Proper Fine Art Storage
Fine Art is not only something to be enjoyed but is also an investment. To help retain its value, fine art must be maintained and cared for, not only when it is on display, but when storing it as well. It is essential to understand how to store your fine art to prevent damage. Watch the video below to learn more about proper fine art storage and store your fine art and keep reading for more tips and information.
Proper Fine Art Storage: Why Art Must be Carefully Stored
There are multiple reasons you may wish to store your art rather than place it on display. Artists must keep their art stored as it awaits exhibition. Gallery owners may have rotating exhibits that require some art to go into storage from time to time. Art owners may need to place their art in storage as they relocate or redecorate. Sometimes, a piece is so valuable that an investor might choose to store their art in a safe facility.
Unfortunately, simply storing fine art doesn’t guarantee that it will remain safeguarded at all times. Whether storing paintings, photographs, sculptures, or antiques, proper storage requires thoughtful placement, adequate surrounding space, climate control, proper air quality, and regular maintenance. With attention to these details, your investments, heirlooms, and carefully curated art pieces will last for many years to come.
Five Ways to Properly Store Fine Art
1. Sunlight and Ultraviolet Light
Long-term exposure to UV light from direct sunlight or even fluorescent lighting can cause fine art to crack, peel and fade over time. To protect items framed under glass be sure to use glass that is designed to block UV rays such as Conservation or Museum glass. Ultraviolet rays not only cause damage to watercolors and oil paintings, but also antique furniture, rugs, photography, and other items, so take care when considering their placement.
2. Climate Control
It is important to store your fine art in a climate-controlled environment. Overly dry or humid conditions can cause paint cracking, paper curling, or even mold or mildew growth. Extreme heat causes paint fibers to weaken and eventually crack or separate while very cold environments can cause several artists’ mediums to become brittle as well. If you are thinking of keeping your artwork in off-site storage, be sure to ask if the facility is climate controlled.
3. Box, Crate, Separate
If you need to take your fine art off display and put it in storage it is important to make sure it stays protected. Boxing or crating your art reduces the risk of damage. Be sure that the box or crate is large enough to not put pressure on the art and provides proper padding and support where needed. Try to keep any materials from touching canvases or other delicate materials. If you are storing your pieces for a short duration, make sure they are not touching each other.. Sometimes using a large mat board or similar material can help separate and protect paintings when they must be stored together. Many times a painting leaning against another can cause pressure marks or even punctures.
4. Maintenance Cleaning
Although your fine art may need professional cleaning at some point, it is important to lightly clean it to remove dust on a regular basis. Dust built up over time can permanently adhere to some pieces. Most art can be dusted carefully with a soft lint-free cloth. Avoid using any type of cleaner because this may cause damage.
5. Nicotine and Smoke-Free
It is crucial to keep your fine art away from areas where nicotine and smoking are present. Art exposed to nicotine or smoke over time will develop a yellow film on top that must be removed by a professional restorationist. The lasting smell of smoke in artwork, furniture, and other items can be extremely difficult to remediate. Both of these conditions can negatively affect the value of your items.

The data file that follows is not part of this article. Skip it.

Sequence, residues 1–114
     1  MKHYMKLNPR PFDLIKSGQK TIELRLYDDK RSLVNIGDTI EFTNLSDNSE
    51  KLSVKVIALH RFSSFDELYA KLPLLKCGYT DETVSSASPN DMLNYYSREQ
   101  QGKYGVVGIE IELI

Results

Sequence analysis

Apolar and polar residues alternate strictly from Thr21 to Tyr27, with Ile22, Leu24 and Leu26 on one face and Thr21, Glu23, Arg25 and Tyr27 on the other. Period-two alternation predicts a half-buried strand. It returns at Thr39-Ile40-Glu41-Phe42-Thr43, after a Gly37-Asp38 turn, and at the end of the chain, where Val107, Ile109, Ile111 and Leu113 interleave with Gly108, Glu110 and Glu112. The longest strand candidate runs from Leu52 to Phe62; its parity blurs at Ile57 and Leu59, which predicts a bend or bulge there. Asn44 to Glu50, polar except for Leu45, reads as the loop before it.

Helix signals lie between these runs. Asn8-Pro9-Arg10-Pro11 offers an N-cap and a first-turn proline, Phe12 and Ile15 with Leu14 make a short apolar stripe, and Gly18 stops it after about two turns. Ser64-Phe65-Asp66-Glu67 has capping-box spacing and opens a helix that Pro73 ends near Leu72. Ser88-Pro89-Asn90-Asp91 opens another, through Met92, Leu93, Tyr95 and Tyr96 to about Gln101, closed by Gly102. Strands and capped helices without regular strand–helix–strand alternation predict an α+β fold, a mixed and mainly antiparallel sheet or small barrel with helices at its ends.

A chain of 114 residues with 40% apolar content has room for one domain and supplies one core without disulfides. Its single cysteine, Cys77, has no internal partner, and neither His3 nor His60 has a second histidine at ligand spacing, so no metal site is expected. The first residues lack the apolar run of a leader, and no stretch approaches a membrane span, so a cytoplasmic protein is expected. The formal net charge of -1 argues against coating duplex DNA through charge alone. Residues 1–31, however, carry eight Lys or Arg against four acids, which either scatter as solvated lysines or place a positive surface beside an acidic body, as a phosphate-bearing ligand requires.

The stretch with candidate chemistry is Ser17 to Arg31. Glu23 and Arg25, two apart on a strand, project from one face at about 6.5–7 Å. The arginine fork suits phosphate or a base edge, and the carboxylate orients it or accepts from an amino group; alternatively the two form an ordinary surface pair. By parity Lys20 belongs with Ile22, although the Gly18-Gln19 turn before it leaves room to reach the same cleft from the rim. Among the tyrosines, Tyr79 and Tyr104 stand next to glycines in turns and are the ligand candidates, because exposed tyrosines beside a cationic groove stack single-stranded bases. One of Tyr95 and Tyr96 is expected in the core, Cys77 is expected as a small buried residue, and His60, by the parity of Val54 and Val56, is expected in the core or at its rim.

Are you interested in learning more about proper fine art storage solutions or the best place to store your fine art? Contact Simpson Galleries today to learn more about how we can help you with your fine art storage needs.
Welcome back again to Simpson Galleries. I’m Laura Bledsoe, the in-house restorationist and auction coordinator.
Typically, the pieces we receive that are in need of restoration stem from improper storage. A lot of times, it’s pieces that have been forgotten about, shoved in the back of a closet, or put in conditions that are not climate-controlled. If they’re left in direct sunlight for very long, if they are exposed to high temperatures or low temperatures, anything that is extreme can adversely affect a painting.
Items that are improperly stored in places such as closets risk the possibility of puncture, pressure marks, dust, and dirt accumulation. If you have pets, dander, and fur. Paintings that are stored in extreme heat are susceptible to cracking and separating. This is just due to the nature of the materials that most artists use. They simply aren’t meant to withstand those kinds of temperature extremes.
Paintings that have been exposed to nicotine use will generally have a thick yellow film over the surface. With the right solution, this can be removed and the piece can be revarnished in order to give it its previous vibrancy.
When deciding where you’d like to hang your piece in your home, take into consideration where the sun will be. You never want to leave a painting in direct sunlight for too long as this will cause damage. Always make sure that there’s no other materials leaning against, touching, or otherwise interfering with your piece of space. Even pieces that have been properly stored after so much time will need to have restoration work done due to the materials that the artist used at the time, and the date on which it was created. Some of these things just aren’t meant to last.
If you would like more information regarding storing and maintaining your pieces’ beauty, please contact us at simpsongalleries.com.